A new way to make a nonwoven fibrous film without expensive, specialized equipment is available for licensing.

A new way to make a nonwoven fibrous film without expensive, specialized equipment is available for licensing. The secret is reactive extrusion of a two-phase, incompatible blend of PE and polyethylene oxide (PEO) into film, which then goes through a water bath to dissolve the PEO (which is reused), leaving a soft, silky, hygroscopic nonwoven. Kimberly-Clark Worldwide Inc., Neenah, Wis., developed and patented the technology in the mid-’90s but never commercialized it. Kimberly-Clark is offering it for license via Yet2.com, a technology-transfer company in Cambridge, Mass.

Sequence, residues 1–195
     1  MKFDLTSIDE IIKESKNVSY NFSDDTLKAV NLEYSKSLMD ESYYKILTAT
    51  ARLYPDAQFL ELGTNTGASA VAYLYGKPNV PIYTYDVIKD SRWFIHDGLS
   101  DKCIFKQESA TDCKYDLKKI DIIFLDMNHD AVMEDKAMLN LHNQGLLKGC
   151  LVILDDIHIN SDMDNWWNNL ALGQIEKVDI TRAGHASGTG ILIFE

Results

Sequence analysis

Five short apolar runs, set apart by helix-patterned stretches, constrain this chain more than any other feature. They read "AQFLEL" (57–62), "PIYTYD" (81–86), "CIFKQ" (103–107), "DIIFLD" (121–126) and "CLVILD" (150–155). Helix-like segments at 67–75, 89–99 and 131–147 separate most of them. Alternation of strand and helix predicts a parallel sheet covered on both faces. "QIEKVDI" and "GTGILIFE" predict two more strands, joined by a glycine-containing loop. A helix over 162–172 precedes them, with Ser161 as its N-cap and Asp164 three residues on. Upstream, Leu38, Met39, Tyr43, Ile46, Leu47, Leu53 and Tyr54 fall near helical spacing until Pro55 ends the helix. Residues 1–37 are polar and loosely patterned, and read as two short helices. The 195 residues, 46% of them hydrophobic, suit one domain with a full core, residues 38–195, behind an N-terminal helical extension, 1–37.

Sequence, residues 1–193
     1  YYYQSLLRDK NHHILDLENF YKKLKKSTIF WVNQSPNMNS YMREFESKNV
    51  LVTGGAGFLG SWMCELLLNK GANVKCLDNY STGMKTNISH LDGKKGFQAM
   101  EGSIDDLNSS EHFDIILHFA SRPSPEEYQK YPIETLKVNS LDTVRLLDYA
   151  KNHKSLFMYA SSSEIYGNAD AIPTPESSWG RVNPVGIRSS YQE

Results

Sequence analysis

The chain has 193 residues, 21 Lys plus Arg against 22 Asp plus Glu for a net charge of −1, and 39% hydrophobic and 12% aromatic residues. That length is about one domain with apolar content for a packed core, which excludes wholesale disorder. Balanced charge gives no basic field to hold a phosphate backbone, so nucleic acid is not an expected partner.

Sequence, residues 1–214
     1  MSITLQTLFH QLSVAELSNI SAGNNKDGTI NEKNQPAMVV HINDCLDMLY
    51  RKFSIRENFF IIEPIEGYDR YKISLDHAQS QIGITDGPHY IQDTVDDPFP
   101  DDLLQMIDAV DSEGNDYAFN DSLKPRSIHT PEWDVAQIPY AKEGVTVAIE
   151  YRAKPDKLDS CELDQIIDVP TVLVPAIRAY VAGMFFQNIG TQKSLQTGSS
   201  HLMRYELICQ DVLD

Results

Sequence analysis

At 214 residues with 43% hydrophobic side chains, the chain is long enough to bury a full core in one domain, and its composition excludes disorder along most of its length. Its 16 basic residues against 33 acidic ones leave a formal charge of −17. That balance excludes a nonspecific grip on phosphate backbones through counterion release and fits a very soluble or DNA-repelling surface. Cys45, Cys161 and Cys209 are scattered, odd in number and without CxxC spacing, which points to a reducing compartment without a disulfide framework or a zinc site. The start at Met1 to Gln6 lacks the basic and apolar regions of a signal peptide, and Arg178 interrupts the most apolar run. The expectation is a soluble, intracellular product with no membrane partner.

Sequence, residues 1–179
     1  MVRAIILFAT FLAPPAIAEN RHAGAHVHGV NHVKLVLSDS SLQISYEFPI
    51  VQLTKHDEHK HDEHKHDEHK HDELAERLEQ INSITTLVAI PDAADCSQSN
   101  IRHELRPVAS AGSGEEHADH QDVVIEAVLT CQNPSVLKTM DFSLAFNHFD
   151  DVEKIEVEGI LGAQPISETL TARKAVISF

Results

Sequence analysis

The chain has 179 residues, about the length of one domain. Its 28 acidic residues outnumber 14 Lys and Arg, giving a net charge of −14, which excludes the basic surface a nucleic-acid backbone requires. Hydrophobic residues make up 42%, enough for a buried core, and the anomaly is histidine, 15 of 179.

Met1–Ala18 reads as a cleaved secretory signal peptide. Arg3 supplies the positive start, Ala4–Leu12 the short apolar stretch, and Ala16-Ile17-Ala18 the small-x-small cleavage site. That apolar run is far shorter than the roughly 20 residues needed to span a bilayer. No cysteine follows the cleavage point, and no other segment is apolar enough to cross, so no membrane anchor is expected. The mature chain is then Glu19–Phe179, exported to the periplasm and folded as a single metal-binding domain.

The film can be extruded directly from a twin-screw compounder, or the two-phase composite can be mixed and pelletized and then extruded a second time into cast or blown film. PE, the major phase, starts as “islands” in the PEO matrix. During extrusion, these islands are stretched into a network of highly oriented filaments. A higher percentage of PE makes thicker fibers. Thicker film makes a stronger nonwoven, but it takes longer to wash out the PEO. Yet2.com: (617) 557-3800 • www.yet2.com